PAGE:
Boundary Layer, Urban Meteorology and Land-Surface Processes

Observation of water vapor turbulence profiles in stationary and well mixed convective boundary layers over the ARM Tropical Western Pacific site

Dr. Mohammed Osman


09 December 2016, 2:00 PM

National Weather Center, Room 5600
120 David L. Boren Blvd.
University of Oklahoma
Norman, OK

The high temporal and vertical resolution and the ability to operate continuously under most atmospheric conditions make Raman lidars outstanding tools for studying turbulence in the convective boundary layer (CBL). Raman lidars have been used to study the turbulent structure of the CBL and the entrainment zone; however, previous studies have been in general based on a limited number of cases, which restricts the representativeness of the results for different atmospheric conditions. This study uses data from the autonomous Raman lidars that measure water vapor over the Tropical Western Pacific (TWP) site located at Darwin (Australia) as part of the Atmospheric Radiation Measurement (ARM) program. The data from TWP used here spans 5 years from December 2010 to December 2015. The vertical profiles of turbulent fluctuations have been derived using an auto covariance technique to separate out the instrument random error from the atmospheric variability over a set of 2-h period time series during which the CBL is quasi-stationary and well mixed. The temporal and vertical resolutions of water vapor are 10 s and 37.5 m, respectively. The error analysis of the Raman lidars observations demonstrates that the lidars are capable of resolving the vertical structure of turbulence in the CBL, and the small noise errors allow us to thoroughly examine different moments up to the third-order. The seasonal variations of the vertical profiles of variance, structure function coefficient, skewness and integral scale have been carefully analyzed. We particularly highlight noticeable differences in water vapor turbulence in the CBL during monsoon and non-monsoon seasons. These results are also compared with previous findings obtained from the Southern Great Plains (SGP) site located at Lamont, Oklahoma (USA).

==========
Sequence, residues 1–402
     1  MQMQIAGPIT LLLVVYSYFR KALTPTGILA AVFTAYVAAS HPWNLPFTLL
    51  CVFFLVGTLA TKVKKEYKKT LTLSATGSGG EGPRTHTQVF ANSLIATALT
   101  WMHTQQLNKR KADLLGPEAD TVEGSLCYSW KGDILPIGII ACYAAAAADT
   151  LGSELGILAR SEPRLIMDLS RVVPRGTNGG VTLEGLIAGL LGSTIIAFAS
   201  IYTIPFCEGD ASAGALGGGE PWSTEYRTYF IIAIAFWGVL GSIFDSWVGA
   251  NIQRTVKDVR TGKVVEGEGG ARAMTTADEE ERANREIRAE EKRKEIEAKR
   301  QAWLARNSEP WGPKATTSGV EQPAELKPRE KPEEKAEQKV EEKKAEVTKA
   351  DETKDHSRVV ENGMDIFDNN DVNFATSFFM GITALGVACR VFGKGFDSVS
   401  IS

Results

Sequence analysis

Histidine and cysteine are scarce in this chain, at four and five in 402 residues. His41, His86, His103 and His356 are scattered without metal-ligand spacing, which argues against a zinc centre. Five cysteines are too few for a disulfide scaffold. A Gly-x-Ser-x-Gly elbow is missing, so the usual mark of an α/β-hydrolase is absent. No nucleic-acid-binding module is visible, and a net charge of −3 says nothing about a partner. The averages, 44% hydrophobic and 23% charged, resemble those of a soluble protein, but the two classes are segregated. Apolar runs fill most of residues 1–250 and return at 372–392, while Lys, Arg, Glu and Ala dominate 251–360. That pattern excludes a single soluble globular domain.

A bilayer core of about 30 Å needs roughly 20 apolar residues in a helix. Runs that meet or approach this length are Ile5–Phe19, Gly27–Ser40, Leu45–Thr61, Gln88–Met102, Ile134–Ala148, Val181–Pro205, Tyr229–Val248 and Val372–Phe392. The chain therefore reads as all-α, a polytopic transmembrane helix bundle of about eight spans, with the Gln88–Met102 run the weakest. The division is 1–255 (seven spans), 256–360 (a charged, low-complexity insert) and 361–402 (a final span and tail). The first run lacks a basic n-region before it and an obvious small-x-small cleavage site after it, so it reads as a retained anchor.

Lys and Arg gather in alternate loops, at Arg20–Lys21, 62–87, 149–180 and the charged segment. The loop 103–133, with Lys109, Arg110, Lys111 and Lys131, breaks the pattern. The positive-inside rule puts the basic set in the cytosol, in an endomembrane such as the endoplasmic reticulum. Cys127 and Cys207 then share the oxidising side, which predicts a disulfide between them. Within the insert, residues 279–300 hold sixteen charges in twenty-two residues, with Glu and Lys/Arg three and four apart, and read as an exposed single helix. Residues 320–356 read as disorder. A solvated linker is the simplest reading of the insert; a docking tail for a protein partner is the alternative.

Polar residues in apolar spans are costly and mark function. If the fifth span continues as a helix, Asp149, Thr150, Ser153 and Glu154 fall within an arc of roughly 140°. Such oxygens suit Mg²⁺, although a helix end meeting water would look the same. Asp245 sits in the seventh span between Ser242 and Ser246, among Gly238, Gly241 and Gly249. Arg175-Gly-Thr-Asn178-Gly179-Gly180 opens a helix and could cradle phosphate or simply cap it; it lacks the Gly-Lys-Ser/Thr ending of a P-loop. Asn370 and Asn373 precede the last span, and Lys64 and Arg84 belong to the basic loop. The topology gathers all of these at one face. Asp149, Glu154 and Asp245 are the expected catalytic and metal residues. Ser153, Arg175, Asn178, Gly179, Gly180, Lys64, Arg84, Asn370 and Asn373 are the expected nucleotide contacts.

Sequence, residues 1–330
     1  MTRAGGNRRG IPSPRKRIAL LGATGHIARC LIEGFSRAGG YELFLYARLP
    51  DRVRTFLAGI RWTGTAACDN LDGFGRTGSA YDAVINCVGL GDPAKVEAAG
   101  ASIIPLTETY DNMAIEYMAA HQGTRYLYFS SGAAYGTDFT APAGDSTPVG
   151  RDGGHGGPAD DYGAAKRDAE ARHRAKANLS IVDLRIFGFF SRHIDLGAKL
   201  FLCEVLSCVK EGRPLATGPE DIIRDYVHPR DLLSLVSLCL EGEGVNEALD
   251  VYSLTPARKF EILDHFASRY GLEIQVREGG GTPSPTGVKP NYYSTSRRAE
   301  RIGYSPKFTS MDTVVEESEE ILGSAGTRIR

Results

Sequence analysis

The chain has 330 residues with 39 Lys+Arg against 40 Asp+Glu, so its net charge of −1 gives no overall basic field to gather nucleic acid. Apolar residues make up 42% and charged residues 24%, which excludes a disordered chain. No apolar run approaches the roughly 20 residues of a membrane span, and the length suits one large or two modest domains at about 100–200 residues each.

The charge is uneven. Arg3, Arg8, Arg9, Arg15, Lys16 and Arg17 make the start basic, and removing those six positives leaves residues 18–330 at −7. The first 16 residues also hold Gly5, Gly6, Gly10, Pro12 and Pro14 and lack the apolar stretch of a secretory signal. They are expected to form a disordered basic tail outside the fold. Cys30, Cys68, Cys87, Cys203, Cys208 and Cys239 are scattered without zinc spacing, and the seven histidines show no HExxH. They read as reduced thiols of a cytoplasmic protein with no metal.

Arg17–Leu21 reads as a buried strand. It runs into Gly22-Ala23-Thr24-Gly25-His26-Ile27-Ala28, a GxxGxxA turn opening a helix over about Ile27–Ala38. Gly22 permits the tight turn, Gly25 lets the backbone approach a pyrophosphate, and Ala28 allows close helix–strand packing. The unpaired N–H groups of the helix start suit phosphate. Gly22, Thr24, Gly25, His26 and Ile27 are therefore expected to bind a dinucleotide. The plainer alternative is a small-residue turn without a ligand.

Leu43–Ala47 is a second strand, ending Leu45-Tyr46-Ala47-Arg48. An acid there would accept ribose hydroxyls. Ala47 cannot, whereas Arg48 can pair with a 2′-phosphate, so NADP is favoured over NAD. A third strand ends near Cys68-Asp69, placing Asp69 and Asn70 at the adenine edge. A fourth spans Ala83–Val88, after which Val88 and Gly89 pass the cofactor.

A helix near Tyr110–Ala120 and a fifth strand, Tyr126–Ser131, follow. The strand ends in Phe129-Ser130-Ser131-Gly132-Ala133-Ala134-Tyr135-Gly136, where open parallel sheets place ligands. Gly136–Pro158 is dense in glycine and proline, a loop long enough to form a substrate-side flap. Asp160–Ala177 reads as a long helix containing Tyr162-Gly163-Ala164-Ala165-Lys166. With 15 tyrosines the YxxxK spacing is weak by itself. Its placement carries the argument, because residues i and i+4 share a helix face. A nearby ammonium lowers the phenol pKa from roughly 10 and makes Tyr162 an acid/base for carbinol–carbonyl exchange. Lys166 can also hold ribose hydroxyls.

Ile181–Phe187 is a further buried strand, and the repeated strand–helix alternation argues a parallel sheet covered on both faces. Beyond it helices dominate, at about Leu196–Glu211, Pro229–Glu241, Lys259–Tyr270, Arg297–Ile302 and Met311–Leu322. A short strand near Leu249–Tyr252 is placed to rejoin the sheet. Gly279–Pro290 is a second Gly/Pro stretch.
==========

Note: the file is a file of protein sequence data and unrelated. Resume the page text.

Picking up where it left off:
Boundary Layer, Urban Meteorology and Land-Surface Processes Seminar Series website